I can EITHER spend my energy working to tell others what accommodations my child needs to learn and progress

OR

I can use my energy to make him successful and we can keep our focus on learning instead of the accommodations.  

Getting an IEP for my autistic son was a nightmare, it included a denial and an advocate.  His needs don’t show up accurately in the testing environment because he is a good reader and has a great memory.  We tried applying a second time after we had his official Autism diagnosis and it was uphill battle because their previous testing showed no need.  Eventually we got one only to have it reduced the next year.  He was thriving, but he was thriving only because of the IEP accommodations. We knew he would not be able to adjust to a normal classroom environment.

I had had enough and we withdrew him from the school and he began homeschooling with his sister.  It can be overwhelming to think about educating a special needs child at home.  You have to plan the academic content, but also prepare for the unique challenges the child has.  It definitely has it’s exhausting moments, and I would want to be clear that homeschooling isn’t for everyone.  However, overall it has been the best decision for us, and I’d like to share some reasons why it might be the best decision for you, too.

We as parents know our child better than anyone else

I don’t know how to handle a variety of challenging kids, but I am an expert on my own.  As a parent I know what my child can and can’t do.  I know what makes him tick and what he loves to do.  Working with his therapists I can implement the same ideas and strategies at home. I know his strengths and weaknesses and I can work on both of them.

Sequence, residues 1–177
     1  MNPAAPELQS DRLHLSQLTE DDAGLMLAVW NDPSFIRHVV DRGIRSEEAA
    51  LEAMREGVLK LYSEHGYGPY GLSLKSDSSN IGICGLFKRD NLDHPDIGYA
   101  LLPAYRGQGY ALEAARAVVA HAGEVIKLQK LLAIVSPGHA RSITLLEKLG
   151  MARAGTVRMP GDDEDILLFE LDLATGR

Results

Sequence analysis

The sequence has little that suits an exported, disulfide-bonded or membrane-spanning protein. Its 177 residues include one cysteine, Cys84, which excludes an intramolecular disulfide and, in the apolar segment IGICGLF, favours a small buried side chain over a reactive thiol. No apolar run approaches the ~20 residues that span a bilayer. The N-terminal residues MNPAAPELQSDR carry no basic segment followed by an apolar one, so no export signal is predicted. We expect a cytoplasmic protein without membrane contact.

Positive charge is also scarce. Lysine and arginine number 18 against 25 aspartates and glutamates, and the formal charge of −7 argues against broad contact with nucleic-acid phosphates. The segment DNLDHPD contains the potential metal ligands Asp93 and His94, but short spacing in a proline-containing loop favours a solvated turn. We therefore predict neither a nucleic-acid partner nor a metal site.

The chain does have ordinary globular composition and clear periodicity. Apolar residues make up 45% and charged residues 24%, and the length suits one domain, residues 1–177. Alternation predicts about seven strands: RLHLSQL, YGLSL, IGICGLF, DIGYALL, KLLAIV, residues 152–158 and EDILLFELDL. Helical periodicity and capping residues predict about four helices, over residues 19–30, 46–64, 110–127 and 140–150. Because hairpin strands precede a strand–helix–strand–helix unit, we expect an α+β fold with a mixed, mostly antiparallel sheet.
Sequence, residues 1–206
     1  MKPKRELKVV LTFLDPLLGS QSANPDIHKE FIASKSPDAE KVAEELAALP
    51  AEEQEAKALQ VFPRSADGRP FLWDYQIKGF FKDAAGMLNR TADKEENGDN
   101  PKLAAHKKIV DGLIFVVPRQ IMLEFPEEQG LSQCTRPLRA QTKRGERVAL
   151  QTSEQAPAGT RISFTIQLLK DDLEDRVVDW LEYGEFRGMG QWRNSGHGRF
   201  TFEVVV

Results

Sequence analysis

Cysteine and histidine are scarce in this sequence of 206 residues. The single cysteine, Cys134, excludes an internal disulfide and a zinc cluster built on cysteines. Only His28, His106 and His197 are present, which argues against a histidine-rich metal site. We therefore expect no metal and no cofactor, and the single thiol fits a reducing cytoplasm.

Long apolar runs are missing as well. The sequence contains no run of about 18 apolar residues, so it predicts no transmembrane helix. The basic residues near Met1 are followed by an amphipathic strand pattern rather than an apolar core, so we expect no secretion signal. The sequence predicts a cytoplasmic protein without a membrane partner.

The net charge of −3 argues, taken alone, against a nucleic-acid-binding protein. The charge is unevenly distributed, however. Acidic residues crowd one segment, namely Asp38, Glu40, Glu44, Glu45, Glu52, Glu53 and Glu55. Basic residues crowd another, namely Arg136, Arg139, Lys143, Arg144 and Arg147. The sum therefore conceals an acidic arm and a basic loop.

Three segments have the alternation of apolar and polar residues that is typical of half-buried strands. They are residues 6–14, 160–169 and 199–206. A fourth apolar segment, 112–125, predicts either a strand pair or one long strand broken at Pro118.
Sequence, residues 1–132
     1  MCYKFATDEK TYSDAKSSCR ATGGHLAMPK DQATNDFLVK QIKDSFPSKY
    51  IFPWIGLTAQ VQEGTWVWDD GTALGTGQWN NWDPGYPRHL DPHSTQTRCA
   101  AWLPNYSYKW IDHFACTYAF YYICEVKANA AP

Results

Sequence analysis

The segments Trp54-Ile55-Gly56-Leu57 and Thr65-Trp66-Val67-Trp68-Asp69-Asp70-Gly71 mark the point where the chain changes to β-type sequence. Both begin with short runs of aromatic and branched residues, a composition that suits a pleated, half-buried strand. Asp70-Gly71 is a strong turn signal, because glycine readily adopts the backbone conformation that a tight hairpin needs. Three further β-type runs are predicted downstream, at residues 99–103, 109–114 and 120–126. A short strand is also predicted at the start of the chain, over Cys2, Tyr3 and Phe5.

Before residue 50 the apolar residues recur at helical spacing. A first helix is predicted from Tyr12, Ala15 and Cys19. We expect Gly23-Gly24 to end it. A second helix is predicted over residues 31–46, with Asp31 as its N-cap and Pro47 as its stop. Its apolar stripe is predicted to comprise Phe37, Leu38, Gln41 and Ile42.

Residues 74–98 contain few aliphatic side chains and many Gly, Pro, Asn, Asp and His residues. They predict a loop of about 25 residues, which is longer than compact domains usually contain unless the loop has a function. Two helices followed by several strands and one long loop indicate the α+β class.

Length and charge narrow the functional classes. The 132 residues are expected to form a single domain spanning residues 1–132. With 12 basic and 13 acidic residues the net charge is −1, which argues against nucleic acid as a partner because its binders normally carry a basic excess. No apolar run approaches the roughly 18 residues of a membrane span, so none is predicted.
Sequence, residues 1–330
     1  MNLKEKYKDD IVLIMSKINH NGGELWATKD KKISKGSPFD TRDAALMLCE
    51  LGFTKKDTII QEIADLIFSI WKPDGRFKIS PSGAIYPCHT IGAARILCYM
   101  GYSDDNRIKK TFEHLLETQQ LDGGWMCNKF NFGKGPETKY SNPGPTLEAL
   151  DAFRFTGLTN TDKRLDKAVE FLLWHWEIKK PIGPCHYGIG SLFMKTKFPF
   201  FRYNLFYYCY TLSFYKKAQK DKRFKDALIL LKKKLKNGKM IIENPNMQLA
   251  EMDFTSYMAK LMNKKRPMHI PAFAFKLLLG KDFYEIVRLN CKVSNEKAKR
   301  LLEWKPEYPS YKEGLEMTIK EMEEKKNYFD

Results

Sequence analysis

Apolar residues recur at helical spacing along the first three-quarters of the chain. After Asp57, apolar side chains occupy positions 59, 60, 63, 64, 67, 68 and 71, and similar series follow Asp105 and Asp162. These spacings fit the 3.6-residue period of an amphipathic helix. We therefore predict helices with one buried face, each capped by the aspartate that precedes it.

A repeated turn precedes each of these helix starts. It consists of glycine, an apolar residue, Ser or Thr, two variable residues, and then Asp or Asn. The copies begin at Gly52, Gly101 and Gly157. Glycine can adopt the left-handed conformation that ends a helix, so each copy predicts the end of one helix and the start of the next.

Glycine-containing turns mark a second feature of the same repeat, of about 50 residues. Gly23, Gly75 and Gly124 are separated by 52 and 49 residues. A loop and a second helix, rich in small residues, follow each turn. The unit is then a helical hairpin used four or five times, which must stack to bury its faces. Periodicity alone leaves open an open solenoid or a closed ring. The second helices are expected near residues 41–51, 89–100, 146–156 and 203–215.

For instance, I know how much he loves Star Wars, so after his handwriting book was completed and he still needed to practice, we bought a Star Wars themed handwriting book. The previous month, he would complain about a sentence of copywork.  The first week of the Star Wars book he copied 4 sentences in a day without a second thought!  That Star Wars book unlocked writing for him.  He could write and wanted to write because it was a subject that was interesting to him.

We are invested in their success more than anyone else

I think one of the hardest things when I’m talking to a professional about my son is trying to give them the right picture of who he is.  I see his awesome personality everyday beyond his medical diagnosis. One of the hardest parts of seeking a diagnosis was convincing doctors to really look at him and see his struggles because they weren’t on the surface.  A classroom teacher has other students to teach in addition to yours, so they will likely not be able to take the time to slow down and figure out your kid and what accommodations they need to help them succeed. Even the best teachers who sincerely want to help are just busy and will always be pulled in several different directions, just by the nature of the work.

Our kids teach us how to adjust for their needs